You may have noticed the news last week that AT&T is rolling out new, ultra-fast residential Internet service in Kansas City. But along with that announcement came a novel pricing structure: the service is $70 per month, or $99 per month if you want your online activity to remain private. Leave aside the ethical and moral arguments for a moment and just look at the optics. There it is in black and white: AT&T will monitor your web searches and browsing activity in order to serve up tailored advertising unless you pay a hefty premium to avoid this. Unsurprisingly, the press uniformly reported this as a “privacy premium” or “no-spy fee.” You are left with a creepy feeling about AT&T, and this pricing approach certainly doesn’t work to burnish the company’s brand. Also, is a typical residential customer really worth $350 in advertising revenue? This feels more like a penalty fee than recovery of foregone revenue.
And what about the ethics and morality? Many will argue, plausibly, that this is no different from what Google, Facebook and many others do – offering you services where they monitor your activity in order to better target advertising. All AT&T is doing is giving you an (paid) opt-out opportunity.
The small but important differences I see are two: the AT&T service is paid, and AT&T is in a privileged position as the on-ramp for its customers. If you offer a paid service, the business model is explicit and understood by both parties. Trying to further monetize your customer is good business, but it’s also a delicate business because you risk killing the golden goose. And when you put yourself in the position of having access to sensitive customer data (even if you don’t think it’s all that sensitive), you are in a trust position. When trust is lost, it’s very hard to get it back.
The implications for B2B data publishers? Paid subscription services come along with a customer expectation of privacy. After all, your subscribers are using your databases to check on competitors, look for acquisition candidates, plan business strategy and lots of other sensitive activity. Even the perception that you are peeking into their activities for anything other than system maintenance represents a huge breach of trust that can seriously damage your brand and your business. Consider, as just one example, the blowback Bloomberg experienced when its customers learned that Bloomberg editors could and did access their accounts.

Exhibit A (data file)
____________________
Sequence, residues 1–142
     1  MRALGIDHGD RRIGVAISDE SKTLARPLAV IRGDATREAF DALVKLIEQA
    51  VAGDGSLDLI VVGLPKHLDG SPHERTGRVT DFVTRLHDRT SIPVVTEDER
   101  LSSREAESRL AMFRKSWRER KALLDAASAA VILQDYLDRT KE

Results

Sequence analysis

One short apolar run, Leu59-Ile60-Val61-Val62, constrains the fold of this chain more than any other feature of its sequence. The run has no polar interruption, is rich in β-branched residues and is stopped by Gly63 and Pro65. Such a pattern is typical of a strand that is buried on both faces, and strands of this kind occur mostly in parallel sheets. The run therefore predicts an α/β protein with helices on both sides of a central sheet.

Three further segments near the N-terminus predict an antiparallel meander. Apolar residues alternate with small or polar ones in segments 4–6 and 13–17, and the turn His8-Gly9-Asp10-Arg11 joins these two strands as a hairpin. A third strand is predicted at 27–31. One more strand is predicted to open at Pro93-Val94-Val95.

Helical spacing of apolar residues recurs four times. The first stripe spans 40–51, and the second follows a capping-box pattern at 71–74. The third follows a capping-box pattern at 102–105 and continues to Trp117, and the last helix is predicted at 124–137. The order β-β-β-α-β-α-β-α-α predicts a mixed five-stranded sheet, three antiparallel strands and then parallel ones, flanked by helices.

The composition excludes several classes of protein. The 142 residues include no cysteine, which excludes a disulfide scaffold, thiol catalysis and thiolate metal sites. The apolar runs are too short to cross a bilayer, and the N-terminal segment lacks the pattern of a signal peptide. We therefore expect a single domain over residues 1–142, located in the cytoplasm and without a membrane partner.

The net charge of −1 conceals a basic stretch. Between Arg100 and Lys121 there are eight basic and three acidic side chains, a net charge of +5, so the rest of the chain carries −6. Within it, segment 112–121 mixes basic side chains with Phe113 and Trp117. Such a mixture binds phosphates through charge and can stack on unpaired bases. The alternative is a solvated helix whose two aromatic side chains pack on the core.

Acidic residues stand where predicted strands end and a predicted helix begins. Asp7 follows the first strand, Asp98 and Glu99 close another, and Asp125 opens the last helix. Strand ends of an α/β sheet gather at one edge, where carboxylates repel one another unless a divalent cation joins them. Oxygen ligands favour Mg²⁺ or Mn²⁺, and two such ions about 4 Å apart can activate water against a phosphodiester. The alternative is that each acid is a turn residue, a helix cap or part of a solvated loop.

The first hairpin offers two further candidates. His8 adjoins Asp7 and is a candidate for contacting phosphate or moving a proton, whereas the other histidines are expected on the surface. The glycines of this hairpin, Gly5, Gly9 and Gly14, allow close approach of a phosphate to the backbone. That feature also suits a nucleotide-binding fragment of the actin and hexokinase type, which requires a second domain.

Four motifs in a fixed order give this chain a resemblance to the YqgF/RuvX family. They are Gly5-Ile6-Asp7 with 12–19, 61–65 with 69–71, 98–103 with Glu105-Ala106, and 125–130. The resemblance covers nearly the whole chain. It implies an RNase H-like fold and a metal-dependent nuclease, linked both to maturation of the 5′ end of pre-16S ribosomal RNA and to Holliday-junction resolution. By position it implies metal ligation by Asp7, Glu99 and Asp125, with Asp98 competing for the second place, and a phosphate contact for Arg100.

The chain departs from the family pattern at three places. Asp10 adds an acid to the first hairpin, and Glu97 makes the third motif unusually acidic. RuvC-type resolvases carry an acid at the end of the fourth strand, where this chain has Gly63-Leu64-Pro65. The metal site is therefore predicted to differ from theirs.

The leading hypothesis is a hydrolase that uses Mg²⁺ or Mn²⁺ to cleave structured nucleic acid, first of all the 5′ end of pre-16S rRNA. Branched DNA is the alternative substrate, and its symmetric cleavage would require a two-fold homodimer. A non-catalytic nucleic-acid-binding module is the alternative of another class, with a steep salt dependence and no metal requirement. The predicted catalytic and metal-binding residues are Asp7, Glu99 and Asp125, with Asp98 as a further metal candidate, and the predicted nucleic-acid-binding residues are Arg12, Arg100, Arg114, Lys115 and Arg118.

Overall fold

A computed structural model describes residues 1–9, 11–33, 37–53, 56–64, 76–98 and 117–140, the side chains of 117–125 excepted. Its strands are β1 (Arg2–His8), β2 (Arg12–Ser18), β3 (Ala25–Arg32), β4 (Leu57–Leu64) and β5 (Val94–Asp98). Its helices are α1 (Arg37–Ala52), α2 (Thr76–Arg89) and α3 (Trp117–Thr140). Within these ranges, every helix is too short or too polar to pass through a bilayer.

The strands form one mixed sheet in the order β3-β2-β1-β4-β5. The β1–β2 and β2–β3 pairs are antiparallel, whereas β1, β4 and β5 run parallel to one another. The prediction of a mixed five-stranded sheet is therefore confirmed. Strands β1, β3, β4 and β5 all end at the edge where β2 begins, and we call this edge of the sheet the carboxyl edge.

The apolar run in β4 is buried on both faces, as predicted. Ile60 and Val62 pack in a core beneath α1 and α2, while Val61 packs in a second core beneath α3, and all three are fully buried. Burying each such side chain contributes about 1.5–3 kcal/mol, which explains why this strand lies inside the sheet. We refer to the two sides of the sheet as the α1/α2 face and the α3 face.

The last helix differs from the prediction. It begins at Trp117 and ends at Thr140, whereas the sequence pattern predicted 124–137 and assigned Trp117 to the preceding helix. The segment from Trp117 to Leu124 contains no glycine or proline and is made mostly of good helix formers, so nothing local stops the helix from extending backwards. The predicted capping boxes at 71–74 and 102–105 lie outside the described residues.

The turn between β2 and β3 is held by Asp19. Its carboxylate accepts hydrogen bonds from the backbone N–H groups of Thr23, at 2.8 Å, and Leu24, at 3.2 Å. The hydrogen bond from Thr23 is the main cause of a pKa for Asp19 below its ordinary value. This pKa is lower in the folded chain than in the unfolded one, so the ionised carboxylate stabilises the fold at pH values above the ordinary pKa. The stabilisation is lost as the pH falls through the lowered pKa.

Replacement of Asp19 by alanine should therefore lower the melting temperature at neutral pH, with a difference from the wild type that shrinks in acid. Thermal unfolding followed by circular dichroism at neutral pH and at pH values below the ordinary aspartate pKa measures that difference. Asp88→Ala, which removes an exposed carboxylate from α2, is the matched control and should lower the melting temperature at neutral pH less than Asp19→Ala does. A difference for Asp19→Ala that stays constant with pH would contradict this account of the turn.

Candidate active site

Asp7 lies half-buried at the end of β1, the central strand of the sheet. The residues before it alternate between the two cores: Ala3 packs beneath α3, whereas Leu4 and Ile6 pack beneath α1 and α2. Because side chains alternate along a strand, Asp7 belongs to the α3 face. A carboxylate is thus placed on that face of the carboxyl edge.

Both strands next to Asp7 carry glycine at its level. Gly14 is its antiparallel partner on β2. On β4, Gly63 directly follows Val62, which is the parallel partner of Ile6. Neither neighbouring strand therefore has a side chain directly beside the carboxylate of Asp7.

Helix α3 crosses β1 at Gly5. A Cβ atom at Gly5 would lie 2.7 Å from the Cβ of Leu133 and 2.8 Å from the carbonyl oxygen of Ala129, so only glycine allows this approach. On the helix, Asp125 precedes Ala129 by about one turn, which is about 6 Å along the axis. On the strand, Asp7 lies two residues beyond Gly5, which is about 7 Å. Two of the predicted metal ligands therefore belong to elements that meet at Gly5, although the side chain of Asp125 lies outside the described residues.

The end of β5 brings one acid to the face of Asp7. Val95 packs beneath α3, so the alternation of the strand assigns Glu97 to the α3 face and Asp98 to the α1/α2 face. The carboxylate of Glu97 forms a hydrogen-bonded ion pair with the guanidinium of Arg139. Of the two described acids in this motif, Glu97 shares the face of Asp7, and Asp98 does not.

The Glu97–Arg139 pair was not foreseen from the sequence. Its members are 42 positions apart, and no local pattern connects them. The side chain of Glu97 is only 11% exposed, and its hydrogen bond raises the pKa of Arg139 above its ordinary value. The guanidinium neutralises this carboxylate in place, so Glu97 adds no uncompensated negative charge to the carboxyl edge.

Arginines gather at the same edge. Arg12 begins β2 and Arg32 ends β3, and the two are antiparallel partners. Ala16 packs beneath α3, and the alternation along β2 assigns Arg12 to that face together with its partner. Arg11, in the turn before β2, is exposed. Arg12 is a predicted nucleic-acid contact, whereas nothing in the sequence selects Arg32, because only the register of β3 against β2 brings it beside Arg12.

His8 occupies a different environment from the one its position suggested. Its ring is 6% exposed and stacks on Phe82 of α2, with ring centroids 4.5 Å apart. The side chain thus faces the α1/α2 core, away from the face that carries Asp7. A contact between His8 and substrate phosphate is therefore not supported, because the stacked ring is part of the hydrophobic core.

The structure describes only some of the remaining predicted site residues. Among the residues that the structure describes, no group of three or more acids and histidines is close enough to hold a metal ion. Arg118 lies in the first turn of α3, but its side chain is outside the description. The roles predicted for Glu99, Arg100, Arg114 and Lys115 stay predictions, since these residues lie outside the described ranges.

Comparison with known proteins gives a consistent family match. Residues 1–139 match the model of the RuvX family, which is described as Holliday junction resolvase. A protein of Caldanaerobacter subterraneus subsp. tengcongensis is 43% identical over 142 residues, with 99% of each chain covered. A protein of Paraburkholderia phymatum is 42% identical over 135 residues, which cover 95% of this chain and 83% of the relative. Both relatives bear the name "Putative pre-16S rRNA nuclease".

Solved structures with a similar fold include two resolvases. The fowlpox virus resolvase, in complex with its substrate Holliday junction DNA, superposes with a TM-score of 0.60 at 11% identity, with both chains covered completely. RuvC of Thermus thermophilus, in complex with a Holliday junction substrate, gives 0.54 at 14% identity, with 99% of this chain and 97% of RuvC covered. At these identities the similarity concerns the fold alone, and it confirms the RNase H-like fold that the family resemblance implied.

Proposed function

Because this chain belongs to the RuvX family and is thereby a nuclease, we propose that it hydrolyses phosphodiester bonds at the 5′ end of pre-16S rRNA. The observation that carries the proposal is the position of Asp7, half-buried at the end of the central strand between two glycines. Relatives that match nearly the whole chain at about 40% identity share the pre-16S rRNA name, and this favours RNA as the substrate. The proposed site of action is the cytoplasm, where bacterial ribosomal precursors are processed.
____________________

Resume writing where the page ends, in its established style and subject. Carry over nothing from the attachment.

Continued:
Think hard about your own approach to customer privacy. Don’t fall into a common trap of thinking that because all this customer data is so accessible to you, it’s yours to use. It even filters down to everyday activities such as managing customer engagement. Contacting customers that haven’t logged in in 60 days is one thing; calling them up to discuss their recent queries probably crosses the line.
Privacy doesn’t get discussed much in the context of B2B data products in large part because it is an implicit customer expectation. But if pricing models such as this AT&T model proliferate, publishers that are serious about customer privacy will likely have a strong competitive advantage.